Friday, May 25, 2012

Ask Muse Mama: Sharing the Faith With Kids

On Facebook I was asked how I involve my kids in our faith. Paganism is so free to be adjusted to one's own particular spiritual needs, I think it can be easy to see how to apply it to ourselves, but hard to see (at least initially) how to involve our children.  And, of course, there's the worry.  My mother recently made the comment regarding my Paganism, "Yes, but you have children."  Oh no!  Not the children!  They'll grow up to....respect the planet!  All kidding aside, my mother is wonderful, I just think it illustrates the problem that many of us have.  If our kids are involved and proud, they won't hide it.  And if you're in the broom closet, that can be a scary prospect.

If you are ready to make your faith a family affair, there are some really good books out there by Ashleen O'Gaea about raising children in the Wiccan tradition.  I have read them, and used a number of things from them.  It is very Wicca-centric, but I find a lot of things can be adjusted and changed for your own traditions.  I especially recommend her book Raising Witches for a breakdown on what kinds of things to teach at which ages.

There are also a number of great children's books and introductory books for kids, and I'll make a list of those at the end of the post.  I strongly recommend reading through the Amazon reviews before purchasing any book.  They're all personal opinions and may not mirror how you'd feel about the book, but they give you a pretty good understanding of what readers have liked, and what they wish had been different.  I've found it to be an excellent tool in helping me to decide which books would meet the needs of my family.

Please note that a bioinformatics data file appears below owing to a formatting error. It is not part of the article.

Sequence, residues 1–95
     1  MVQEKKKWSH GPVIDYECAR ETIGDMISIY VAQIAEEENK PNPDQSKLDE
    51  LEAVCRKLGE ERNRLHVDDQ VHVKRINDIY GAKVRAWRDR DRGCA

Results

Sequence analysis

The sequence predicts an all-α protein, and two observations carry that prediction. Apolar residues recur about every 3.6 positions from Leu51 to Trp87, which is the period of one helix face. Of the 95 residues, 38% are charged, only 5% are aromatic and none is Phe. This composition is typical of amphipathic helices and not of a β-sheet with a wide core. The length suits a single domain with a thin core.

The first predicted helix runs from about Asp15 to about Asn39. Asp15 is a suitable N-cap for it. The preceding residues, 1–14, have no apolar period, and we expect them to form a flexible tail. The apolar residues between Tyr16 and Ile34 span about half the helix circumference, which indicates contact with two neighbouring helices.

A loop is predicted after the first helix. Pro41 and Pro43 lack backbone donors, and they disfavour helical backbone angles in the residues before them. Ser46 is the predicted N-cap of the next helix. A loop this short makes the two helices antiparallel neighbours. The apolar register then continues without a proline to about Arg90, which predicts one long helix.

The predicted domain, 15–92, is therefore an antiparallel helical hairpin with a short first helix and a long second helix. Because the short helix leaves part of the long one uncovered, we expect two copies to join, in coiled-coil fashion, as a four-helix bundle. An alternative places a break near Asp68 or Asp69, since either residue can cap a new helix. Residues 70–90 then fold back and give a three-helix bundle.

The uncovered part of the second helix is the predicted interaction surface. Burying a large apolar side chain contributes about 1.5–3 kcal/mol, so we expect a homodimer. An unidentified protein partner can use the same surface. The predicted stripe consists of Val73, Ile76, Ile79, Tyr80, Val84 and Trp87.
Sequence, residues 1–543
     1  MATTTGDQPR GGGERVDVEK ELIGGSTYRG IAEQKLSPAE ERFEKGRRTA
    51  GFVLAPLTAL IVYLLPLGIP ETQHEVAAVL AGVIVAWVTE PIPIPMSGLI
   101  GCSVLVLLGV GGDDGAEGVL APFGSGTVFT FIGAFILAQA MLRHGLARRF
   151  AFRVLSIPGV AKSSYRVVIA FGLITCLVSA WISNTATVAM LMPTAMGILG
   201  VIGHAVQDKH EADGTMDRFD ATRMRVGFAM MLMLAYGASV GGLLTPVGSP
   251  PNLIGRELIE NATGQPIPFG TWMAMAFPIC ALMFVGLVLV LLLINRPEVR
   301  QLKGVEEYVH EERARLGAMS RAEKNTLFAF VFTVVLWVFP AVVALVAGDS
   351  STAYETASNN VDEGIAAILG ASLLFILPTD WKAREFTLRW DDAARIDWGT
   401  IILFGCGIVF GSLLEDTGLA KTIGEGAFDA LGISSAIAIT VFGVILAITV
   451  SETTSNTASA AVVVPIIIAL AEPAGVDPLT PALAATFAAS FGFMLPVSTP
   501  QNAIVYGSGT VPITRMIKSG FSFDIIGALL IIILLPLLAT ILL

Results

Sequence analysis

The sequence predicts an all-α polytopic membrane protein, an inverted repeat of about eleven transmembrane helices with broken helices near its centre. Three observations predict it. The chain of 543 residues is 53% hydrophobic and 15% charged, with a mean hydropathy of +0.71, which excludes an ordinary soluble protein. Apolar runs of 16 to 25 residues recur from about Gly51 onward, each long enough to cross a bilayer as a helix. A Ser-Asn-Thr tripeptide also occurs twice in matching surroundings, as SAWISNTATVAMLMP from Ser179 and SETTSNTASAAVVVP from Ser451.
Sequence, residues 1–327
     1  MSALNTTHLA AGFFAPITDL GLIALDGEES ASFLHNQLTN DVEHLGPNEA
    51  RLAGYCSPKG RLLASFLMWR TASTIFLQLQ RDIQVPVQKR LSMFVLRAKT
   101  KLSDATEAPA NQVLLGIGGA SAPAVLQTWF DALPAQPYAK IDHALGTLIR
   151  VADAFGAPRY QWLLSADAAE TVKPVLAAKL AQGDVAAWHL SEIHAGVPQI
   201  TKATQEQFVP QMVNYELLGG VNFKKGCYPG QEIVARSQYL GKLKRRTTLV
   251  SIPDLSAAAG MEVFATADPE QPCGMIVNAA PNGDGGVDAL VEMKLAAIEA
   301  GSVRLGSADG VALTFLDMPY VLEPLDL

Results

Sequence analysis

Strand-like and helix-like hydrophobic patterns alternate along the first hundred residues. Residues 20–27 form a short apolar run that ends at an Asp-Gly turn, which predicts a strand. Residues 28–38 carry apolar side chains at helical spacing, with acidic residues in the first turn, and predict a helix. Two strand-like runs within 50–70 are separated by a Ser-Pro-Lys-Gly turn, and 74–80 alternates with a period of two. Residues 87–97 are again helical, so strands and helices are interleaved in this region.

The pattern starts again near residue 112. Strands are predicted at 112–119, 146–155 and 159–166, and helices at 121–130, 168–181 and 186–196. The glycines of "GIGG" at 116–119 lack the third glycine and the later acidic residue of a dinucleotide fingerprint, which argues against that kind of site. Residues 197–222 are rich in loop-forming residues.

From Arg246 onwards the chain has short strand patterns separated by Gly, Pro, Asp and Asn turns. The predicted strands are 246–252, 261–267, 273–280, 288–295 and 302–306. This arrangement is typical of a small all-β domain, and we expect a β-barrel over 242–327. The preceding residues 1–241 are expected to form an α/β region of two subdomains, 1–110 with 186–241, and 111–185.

My children have different needs and vastly different ages.  My oldest son is now 14, and tends to worship at the altar of technology.  He has trouble wrapping his mind around how there could be any God at all.  So, he and I had a talk.  I believe that one's faith should help them grow and better people.  If, by believing there is no God, he is motivated to make today count and be better, than I can and will respect his opinion.  I only ask that he be respectful of the faith of other members of the family.  And he is.

My daughters are 9 and 8, and they are starting to really come into the faith as more active participants.  When we have family rituals, I make sure each of them have something to do.  Whether it's calling the Elements, lighting candles, or helping to raise energy for our work.  They are also both doing a lot of reading on their own and have decided to make their own altar in their room.

My younger sons (6, 4, 2, and 11 months) are all a bit young for any kind of formal education on our faith.  With them it's much more casual.  Our Pagan philosophy is something we weave into our lives.  We talk about the earth, the need to reduce, reuse, and recycle.  We talk about the Gods, and how to honor them in our daily lives, especially in the way we treat one another.  We talk about the Divine all around us in nature.  And of course we talk about the colors of candles that we use around the circle, the four directions, the elements, and other basics of the faith.  We also sing songs, clap, and can even have very pared down simple rituals when there seems to be an occasion for it.